Chilliwack skater nets hockey spot at Lindenwood University

GW Graham grad Michaela Read will suit up for the Lindenwood Lynx next fall.

Michaela Read is going where no Chilliwackian has gone before.

This fall, the soon-to-be GW Graham grad is packing up her skates and stick and taking her hockey talents to Illinois. Read has committed to Lindenwood University-Belleville where she will join the Lynx.

“The team name is unique. It’s not something I’ve ever heard before,” the teenager said with a smile. “I like it.”

Lindenwood’s hockey program is just three years old. The Lynx debuted in the Western Women’s Collegiate Hockey League (WWCHL) in 2014-15. The eight team circuit includes Wisconsin, Denver, Colorado, Colorado State, Arizona State, Minnesota and Midland (Nebraska).

Guided by head coach Kat (Katherine) Hannah, the Lynx have quickly established themselves as a powerhouse, winning the last two league titles.

“She’s a big reason why I’m going there because she’s young and female and she was really relatable,” Read said. “She was able to connect with me a lot on issues I was worried about, like the cost of school and moving to Illinois. She understood those things and was really helpful.

“And she’s Canadian too.”

If Read had any concerns about the coach being genuine, they were put to rest when Hannah gave her contact info for a handful of Lynx vets.

“They all said the same thing — she’s an amazing coach and such a nice person,” Read said. “Hearing those other girls only have nice things to say really backed it up.”

More than anything Hannah said, it’s what she didn’t say that tipped the scales. Read started with a list of seven or eight schools, most of them U-S based, but quickly narrowed the list as coaches pushed her to sign.

“A lot of them were like, ‘OK, it’s time to pick,’ and it became very stressful,” the 17 year old recalled. “It wasn’t all the schools, but some had these deadlines for commitments, and I just wasn’t ready to make a choice yet.”

Read had her list narrowed to three schools. Post University in Connecticut and Miami (Ohio) University were the other contenders. Read visited the Post U campus and thought she was going there, but one final phone call with Kat locked up Lindenwood.

“Kat always said it was my choice and she didn’t want to push anything on me. She was like, ‘It’s OK. You do what’s best for you,’” Read said. “I was in our basement, got off the phone with her and my dad said, ‘How did it go?’ And I said, ‘I’m going to Lindenwood.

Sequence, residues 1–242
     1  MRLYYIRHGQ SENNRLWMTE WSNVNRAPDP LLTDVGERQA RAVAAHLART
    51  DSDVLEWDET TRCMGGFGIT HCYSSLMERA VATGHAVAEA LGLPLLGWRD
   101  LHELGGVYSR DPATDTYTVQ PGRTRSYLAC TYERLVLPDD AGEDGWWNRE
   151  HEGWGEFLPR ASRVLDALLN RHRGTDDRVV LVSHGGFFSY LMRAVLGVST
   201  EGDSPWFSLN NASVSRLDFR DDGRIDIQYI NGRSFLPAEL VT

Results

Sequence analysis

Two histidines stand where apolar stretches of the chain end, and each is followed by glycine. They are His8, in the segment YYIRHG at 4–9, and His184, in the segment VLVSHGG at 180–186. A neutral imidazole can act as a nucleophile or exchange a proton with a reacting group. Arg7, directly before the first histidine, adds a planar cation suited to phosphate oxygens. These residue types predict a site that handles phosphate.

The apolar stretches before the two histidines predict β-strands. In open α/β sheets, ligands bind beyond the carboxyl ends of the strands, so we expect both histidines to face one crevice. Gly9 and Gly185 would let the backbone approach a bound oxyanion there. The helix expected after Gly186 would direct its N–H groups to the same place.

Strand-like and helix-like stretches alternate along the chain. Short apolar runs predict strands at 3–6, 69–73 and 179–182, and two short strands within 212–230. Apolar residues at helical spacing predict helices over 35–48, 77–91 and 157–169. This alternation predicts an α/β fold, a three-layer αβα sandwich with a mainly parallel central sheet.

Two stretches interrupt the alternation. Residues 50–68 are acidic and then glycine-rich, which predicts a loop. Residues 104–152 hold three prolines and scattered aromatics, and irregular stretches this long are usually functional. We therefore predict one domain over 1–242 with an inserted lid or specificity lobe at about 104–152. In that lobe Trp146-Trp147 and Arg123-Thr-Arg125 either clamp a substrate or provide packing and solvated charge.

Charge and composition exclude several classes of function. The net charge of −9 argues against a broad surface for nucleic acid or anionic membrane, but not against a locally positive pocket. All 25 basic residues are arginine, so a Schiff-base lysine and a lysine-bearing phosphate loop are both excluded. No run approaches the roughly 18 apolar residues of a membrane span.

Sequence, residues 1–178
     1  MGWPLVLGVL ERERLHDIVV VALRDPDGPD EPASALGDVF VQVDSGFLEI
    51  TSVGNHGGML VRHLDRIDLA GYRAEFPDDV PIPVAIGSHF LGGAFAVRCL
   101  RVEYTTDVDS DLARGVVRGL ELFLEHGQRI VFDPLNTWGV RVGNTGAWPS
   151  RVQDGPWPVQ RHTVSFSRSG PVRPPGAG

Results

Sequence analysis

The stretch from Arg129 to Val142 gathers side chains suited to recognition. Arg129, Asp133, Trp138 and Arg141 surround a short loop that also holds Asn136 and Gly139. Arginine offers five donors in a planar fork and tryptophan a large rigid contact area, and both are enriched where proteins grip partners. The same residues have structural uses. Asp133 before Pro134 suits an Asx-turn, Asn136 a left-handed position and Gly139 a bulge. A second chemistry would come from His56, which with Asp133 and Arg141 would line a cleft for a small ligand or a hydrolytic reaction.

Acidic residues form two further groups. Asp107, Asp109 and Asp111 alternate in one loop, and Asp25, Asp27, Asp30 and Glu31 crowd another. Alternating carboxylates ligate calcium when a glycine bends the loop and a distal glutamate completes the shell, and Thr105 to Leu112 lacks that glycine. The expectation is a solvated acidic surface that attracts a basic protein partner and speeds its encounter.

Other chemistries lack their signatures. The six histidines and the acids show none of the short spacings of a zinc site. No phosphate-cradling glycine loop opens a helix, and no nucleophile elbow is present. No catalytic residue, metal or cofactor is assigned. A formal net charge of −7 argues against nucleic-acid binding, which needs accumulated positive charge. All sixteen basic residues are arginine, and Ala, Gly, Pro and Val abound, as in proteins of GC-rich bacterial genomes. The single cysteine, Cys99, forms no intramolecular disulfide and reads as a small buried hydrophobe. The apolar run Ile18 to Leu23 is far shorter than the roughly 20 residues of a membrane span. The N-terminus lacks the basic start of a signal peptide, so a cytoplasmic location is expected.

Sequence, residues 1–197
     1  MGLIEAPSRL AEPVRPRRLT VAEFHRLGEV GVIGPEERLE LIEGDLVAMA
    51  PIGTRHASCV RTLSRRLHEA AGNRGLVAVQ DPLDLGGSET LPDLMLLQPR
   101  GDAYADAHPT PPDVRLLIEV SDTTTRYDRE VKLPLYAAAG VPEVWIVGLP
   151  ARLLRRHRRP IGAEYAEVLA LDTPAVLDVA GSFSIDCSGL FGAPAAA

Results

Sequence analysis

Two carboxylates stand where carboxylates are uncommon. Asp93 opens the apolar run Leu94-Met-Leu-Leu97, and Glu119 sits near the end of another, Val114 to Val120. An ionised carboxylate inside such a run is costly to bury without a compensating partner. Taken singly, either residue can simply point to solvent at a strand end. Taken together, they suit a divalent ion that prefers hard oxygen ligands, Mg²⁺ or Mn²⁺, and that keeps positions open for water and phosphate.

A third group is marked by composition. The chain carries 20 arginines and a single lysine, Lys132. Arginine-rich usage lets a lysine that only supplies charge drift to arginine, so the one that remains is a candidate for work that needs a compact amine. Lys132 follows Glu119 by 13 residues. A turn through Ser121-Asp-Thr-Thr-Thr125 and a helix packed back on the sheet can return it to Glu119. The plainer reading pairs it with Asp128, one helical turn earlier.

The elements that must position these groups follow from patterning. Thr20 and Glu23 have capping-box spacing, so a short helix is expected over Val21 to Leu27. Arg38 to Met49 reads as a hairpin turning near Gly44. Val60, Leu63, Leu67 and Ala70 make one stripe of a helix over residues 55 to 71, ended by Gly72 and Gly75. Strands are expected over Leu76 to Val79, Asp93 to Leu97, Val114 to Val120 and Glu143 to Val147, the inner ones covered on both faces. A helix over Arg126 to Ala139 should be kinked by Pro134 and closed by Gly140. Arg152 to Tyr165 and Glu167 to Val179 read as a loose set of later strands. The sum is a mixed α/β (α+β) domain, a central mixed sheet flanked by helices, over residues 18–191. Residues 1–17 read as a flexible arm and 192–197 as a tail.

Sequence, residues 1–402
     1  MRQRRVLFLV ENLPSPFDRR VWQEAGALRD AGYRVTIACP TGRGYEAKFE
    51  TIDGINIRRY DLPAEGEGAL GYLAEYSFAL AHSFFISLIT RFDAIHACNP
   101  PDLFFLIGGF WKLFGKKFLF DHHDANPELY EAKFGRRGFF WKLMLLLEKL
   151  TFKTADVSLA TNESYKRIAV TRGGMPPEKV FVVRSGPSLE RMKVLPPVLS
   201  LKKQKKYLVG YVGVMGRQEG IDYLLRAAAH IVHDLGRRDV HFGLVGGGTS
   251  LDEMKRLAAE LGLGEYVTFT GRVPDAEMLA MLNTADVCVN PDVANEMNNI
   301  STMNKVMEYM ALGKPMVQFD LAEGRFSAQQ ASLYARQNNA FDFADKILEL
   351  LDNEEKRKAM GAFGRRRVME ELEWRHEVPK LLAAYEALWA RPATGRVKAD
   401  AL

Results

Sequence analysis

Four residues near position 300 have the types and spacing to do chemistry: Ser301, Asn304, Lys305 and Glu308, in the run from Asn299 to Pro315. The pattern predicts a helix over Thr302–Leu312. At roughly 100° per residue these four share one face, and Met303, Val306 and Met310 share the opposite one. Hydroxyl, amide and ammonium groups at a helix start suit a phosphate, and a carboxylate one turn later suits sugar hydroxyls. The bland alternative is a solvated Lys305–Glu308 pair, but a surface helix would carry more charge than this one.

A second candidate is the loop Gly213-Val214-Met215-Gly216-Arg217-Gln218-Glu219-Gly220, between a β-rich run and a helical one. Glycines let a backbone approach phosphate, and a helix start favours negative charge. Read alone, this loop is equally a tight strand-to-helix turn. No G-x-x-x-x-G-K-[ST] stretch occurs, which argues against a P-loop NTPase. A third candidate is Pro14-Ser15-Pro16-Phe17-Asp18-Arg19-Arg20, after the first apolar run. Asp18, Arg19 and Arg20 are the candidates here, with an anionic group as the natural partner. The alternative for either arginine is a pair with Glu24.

“I was just that confident.”

So how exactly does a Chilliwack kid get on the radar of a university in Illinois?

It helps to be a fantastic and tall (five foot eleven) hockey player. As a fourth-year forward for the B.C. Female Midget AAA Hockey League’s Greater Vancouver Comets, Read tallied seven goals and 16 points in 30 games. Her team, which also included Chilliwack blueliner Camryn Gormley, only lost one regular season game (29-1-0).

They followed that with a dominant run through the playoffs, sweeping the Kootenay Wild and Northern Capitals to claim the championship.

“The Comets were the most amazing experience and I learned so much from my coaches and my teammates,” Read said. “The success I had with the team really pushed the recruiting process forward.”

Read had plenty to work with posting her hockey resume/video profile online at, but she remained unsure as she reached out to potential schools.

“Putting yourself out there is always stressful because every time you do there’s fear of rejection,” she said. “It’s kind of weird though that I liked the nerves before I called a coach.

“It was a stressful process for sure but it was also a lot of fun.”

Read still hasn’t seen the Lindenwood campus. She’s never been away from home for more than a week or so and that has her feeling a mix of nervousness and excitement.

“It’s so far away and it is a different country, so I’m anxious about that, but I’m way more excited than nervous,” she said with a smile. “I am looking forward to having this new experience and I’m just so happy to see all of my hard work paying off.”

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